What's important and our hope
We either help the autistic children now to gear them towards independent living and possibly develop their special talents (if they have any) or we face a future generation of “retarded” and “handicapped” adults who are beyond our help except to feed and clothe them. About 10% of autistic individuals possess extraordinary or exceptional skills such as mathematical calculations, memory feats, artistic and musical abilities.
To quote Bernard Rimland (head of the Autism Research Institute in the United States of America), “ Every dollar spent in providing intensive behaviour modification to young children will save many special education dollars in later years. I hope that in this age of tight budgets, sufficient dollars will be found to invest in the future of these autistic children, not only for their benefit, but in order to save many more dollars; not only on their future education but also in reducing the likelihood that they will require lifetime care.”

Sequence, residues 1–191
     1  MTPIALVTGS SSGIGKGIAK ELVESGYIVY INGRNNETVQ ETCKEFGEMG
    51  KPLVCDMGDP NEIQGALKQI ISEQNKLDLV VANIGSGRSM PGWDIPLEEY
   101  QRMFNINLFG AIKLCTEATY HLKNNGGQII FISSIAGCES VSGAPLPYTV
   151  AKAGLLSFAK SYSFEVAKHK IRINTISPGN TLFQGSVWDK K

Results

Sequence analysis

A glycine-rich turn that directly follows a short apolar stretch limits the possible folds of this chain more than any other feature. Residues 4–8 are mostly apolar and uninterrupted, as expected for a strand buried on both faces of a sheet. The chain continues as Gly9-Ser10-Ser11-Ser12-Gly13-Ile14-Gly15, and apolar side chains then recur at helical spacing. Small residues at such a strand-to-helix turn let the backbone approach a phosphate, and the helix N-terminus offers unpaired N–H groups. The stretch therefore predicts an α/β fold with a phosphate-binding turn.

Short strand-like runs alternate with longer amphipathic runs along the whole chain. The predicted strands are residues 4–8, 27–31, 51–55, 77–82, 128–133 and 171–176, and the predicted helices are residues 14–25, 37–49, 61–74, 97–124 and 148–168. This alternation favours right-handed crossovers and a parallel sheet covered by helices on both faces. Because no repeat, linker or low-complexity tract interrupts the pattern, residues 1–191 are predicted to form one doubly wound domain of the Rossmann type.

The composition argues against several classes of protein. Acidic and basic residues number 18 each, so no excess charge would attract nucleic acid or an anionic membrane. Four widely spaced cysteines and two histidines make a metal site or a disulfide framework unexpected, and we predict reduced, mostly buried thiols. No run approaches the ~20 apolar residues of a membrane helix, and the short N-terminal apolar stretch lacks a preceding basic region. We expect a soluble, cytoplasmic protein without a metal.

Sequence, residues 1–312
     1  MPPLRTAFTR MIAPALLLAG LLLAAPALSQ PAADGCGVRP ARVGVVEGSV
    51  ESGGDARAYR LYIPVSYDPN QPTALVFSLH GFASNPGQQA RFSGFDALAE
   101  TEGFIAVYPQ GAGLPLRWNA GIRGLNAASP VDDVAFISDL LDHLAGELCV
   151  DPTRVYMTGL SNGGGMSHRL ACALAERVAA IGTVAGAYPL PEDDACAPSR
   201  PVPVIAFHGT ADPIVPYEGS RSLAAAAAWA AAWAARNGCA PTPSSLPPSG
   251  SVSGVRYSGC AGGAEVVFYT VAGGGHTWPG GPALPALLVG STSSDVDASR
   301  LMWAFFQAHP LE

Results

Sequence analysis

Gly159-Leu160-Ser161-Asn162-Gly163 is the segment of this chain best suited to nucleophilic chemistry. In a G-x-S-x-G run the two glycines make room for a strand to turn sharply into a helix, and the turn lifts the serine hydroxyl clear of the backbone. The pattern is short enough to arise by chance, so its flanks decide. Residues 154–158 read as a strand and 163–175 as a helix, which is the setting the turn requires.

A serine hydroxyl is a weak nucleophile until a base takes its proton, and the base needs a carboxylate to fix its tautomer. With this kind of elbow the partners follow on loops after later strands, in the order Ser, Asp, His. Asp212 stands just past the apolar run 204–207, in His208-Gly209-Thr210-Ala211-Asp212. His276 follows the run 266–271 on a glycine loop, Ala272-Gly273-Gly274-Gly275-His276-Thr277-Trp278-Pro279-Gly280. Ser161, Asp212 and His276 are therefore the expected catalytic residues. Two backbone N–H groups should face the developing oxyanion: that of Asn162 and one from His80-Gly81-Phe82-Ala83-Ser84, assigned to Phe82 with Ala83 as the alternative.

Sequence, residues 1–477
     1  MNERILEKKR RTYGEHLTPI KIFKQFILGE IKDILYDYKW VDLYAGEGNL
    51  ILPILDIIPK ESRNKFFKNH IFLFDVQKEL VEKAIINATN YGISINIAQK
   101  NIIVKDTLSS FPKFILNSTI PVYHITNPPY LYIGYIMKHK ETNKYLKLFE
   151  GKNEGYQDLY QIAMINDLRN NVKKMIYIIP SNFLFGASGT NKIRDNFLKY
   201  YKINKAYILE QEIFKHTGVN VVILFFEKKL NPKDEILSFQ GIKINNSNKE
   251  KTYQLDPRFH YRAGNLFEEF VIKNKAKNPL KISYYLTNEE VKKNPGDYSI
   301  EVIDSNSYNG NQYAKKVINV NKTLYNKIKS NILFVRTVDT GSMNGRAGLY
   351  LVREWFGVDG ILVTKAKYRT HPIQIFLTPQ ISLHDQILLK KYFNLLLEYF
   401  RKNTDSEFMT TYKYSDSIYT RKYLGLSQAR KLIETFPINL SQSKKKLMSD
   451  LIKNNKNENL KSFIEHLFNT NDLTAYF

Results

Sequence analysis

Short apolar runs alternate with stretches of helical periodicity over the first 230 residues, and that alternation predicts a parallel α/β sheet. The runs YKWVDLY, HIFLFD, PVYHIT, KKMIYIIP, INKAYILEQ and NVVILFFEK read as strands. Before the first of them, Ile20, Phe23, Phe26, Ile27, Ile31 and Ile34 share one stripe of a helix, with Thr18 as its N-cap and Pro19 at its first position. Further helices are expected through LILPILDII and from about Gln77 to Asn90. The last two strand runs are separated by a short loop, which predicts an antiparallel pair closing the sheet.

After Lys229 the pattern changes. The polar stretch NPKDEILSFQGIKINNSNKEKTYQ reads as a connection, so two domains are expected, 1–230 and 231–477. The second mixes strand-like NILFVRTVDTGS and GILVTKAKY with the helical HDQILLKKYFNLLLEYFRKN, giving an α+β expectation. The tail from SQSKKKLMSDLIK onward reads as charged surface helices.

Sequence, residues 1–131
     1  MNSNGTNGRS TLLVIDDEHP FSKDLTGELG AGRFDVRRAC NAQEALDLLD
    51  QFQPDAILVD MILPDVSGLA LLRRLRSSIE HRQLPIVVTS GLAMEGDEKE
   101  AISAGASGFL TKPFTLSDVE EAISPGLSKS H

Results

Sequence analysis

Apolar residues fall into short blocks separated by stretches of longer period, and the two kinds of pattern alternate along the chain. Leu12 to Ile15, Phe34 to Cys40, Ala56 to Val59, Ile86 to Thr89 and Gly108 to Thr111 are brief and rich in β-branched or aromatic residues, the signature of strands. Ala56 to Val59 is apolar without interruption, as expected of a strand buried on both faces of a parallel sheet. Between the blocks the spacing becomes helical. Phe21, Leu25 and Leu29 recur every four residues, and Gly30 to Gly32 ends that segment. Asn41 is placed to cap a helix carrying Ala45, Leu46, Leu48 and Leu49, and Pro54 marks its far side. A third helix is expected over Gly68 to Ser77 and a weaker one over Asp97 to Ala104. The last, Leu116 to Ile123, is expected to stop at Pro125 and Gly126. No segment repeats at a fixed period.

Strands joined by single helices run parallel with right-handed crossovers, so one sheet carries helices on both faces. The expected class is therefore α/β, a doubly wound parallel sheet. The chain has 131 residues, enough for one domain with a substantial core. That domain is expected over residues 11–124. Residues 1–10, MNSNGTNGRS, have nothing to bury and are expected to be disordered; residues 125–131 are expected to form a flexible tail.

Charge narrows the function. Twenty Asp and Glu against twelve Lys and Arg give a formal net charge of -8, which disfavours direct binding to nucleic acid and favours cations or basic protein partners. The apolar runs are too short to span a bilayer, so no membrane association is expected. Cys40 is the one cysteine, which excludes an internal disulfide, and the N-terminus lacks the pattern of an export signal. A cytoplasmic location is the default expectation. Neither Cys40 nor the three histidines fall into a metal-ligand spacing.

Hopes for those who are severely affected by autism – what can be done for them?
For those who will require lifetime care, we hope that sheltered workshops and group homes will be set up to take care of them once their parents or guardians have gone so that they will not be left to wander the streets , neglected and not taken care of.
We hope that the government, corporate bodies, service clubs and the general public will extend their help through financial assistance to enable KAA to build a better future for the autistic individuals in our country. Better educational and vocational training for them will enable them to lead more independent lives so that they will be less of a burden to their families and society in future.